Graur’s informative, well-researched and clearly written book addresses all those topics and a lot more. It is a proper science book, and that means it covers hypotheses, not hypes. That task is not easy, because Graur had to sort through many competing explanations for various observations regarding the genomes, and then present them in a simple language. The amount of intellectual work going into this book has been incredible. The only other comprehensive book written for the genomic era that I can think of is by Isabelle Peter/Eric Davidson (reviewed here and here). These books are complementary, and I expect both of them to eventually be the standard textbooks for a genome-centered modern biology.
I will write another blog post providing more in-depth coverage of different chapters of Graur’s book. Let me quickly mention a few things I enjoyed so far.
The most attractive feature of “Molecular and Genome Evolution” is that it is written by a single author. Apart from two short contributed chapters at the end, 573 out of 613 pages were written by Graur himself. Lately, I got tired of reading books written by committees, because they often contain inconsistent or contradictory sections at times right next to each other. In contrast, Graur’s book is consistent throughout, both in style and, more importantly, in scientific discussions.
Secondly, the book has an entire chapter devoted to mobile elements. This contrasts with traditional molecular biology textbooks, where the genomes are presented as mostly static. Apart from the Nobel prize late in her life, Barbara McClintock’s does not get much credit in the textbooks. We are still stuck with the conceptual model of mostly static genomes, and that impacts proper evolutionary understanding of the biochemical processes at the genomic level. In contrast, the core message coming out of Graur’s book is that the genomes are highly dynamic, often within multiple cells of the same living organism. This point has been made clear in almost all chapters from 6-11, and all relevant mechanisms for genome evolution such as whole genome duplication, horizontal gene transfer, molecular tinkering and mobile elements were covered in depth.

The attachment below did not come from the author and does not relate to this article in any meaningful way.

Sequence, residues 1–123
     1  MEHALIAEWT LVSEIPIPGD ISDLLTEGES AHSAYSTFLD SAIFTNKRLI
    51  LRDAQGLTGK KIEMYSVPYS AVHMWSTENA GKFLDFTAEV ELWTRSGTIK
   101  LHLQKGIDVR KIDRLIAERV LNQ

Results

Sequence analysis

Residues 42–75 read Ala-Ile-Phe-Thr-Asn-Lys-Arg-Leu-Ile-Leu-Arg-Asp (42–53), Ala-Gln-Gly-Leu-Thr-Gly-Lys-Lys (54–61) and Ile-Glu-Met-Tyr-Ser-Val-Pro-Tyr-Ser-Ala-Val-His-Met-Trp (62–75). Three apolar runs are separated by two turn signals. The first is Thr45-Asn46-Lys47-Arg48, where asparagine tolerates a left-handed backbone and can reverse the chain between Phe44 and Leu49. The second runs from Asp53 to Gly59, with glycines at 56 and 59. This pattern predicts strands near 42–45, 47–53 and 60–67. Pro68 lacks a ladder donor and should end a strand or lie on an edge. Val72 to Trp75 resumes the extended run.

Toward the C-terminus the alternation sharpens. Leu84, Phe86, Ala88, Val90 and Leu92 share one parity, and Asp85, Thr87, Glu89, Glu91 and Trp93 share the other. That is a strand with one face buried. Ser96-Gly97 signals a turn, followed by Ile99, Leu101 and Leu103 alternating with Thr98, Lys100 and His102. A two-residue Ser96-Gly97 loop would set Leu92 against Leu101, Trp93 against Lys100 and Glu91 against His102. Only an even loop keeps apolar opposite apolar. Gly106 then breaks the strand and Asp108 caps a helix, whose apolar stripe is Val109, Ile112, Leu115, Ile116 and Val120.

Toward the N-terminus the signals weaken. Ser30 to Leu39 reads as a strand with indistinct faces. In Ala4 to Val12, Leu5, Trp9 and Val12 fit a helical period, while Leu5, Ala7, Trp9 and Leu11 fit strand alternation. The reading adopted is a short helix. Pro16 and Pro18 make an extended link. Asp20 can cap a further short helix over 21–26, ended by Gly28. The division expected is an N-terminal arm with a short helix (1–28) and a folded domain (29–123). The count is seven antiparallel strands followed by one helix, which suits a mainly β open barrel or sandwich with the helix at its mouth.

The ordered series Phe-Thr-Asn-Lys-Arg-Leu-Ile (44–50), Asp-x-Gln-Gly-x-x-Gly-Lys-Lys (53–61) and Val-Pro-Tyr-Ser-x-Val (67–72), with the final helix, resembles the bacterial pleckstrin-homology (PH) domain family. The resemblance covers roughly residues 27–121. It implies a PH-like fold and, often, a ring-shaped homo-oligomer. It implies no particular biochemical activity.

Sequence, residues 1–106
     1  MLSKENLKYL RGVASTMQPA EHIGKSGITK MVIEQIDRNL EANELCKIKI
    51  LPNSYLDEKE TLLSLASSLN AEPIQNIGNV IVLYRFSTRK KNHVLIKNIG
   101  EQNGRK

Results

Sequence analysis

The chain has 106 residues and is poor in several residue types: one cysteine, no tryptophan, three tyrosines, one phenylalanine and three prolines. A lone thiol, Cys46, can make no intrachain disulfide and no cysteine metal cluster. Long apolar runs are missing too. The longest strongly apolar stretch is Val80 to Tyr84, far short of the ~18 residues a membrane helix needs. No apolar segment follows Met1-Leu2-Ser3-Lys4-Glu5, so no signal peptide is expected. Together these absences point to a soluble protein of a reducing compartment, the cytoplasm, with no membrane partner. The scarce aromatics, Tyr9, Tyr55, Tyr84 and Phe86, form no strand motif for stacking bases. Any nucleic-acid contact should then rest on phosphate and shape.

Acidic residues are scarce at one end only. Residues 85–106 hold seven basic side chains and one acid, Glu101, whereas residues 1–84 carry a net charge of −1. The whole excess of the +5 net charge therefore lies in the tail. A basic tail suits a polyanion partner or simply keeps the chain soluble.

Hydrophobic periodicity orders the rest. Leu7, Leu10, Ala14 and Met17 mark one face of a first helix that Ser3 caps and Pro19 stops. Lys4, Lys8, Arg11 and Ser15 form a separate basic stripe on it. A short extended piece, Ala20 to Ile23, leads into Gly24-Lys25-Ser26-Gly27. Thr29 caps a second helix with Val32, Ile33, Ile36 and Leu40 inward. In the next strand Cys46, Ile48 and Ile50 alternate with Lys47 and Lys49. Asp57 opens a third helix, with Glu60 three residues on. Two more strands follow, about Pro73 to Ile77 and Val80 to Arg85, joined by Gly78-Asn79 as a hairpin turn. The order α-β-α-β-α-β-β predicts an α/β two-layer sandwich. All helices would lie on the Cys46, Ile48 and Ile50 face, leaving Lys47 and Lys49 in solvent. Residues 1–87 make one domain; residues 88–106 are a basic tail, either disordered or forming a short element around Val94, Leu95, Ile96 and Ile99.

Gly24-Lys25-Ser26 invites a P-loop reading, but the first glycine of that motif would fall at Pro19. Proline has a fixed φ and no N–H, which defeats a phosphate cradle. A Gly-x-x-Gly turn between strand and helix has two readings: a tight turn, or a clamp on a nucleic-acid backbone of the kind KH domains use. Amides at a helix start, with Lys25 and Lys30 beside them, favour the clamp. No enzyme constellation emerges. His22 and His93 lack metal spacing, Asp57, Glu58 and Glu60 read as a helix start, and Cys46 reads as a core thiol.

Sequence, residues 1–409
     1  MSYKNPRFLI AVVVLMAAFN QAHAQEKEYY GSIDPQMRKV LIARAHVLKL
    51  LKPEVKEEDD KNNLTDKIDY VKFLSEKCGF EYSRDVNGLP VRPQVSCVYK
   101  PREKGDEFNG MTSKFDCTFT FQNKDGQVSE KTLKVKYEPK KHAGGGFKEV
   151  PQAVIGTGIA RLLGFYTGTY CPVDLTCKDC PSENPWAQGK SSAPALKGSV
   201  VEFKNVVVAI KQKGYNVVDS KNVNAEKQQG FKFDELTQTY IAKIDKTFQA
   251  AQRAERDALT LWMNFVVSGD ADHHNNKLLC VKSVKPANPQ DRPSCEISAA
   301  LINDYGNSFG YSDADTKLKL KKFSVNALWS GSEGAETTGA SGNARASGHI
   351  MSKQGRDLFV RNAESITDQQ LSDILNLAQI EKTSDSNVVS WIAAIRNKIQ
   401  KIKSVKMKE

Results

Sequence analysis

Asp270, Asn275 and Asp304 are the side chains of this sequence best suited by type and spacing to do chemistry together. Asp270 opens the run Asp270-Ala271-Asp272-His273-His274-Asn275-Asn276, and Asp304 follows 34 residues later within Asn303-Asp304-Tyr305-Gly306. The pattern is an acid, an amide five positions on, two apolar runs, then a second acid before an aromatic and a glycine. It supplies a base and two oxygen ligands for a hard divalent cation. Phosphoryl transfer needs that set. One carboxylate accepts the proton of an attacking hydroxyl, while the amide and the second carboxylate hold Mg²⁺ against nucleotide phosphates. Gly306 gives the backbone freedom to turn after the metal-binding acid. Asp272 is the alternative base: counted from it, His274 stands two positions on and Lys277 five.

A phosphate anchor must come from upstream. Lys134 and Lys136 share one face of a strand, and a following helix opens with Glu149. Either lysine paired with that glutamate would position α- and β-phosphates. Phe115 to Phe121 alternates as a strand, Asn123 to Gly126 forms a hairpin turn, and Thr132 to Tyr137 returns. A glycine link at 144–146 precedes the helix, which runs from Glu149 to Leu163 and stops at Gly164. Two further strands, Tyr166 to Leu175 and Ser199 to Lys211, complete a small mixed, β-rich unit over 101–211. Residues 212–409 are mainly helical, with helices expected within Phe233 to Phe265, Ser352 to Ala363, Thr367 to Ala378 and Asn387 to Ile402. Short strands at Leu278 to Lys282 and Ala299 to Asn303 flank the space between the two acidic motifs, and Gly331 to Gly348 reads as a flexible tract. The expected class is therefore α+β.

Apart from the genomes, I enjoyed Graur’s discussion of neutral evolution. Evolution tends to build a Rube Goldberg machine, where complexity does not always mean engineering efficiency and in fact may be the opposite. In a system engineered by humans, combination of more parts tends to suggest better design. For example, a bridge made of thousands of steel and concrete pieces is definitely safer than a single piece of wood spanning two sides of a waterway. That is not how evolution at the molecular level works. Instead a protein complex with many components may simply be a Rube Goldberg machine, i.e., an elaborate scheme to complete a simple task.
Last, but not the least, Graur’s book tests even better, because its serious topics are served with sprinkling of his wonderful sense of humor. Here are a few examples -
“Thus, the human EDARV370A allele is most probably responsible for the rarity of DD-cup bras in East Asian lingerie shops” - (page 502).
“the possibility remains that vertebrates (including readers of this book) may in fact be crytooctoploids, and the fish they consume cryptohexadecaploids!” - page 337.
Figure 4.27 on page 157 shows why Albert Einstein is more “primitive” than a fruitfly.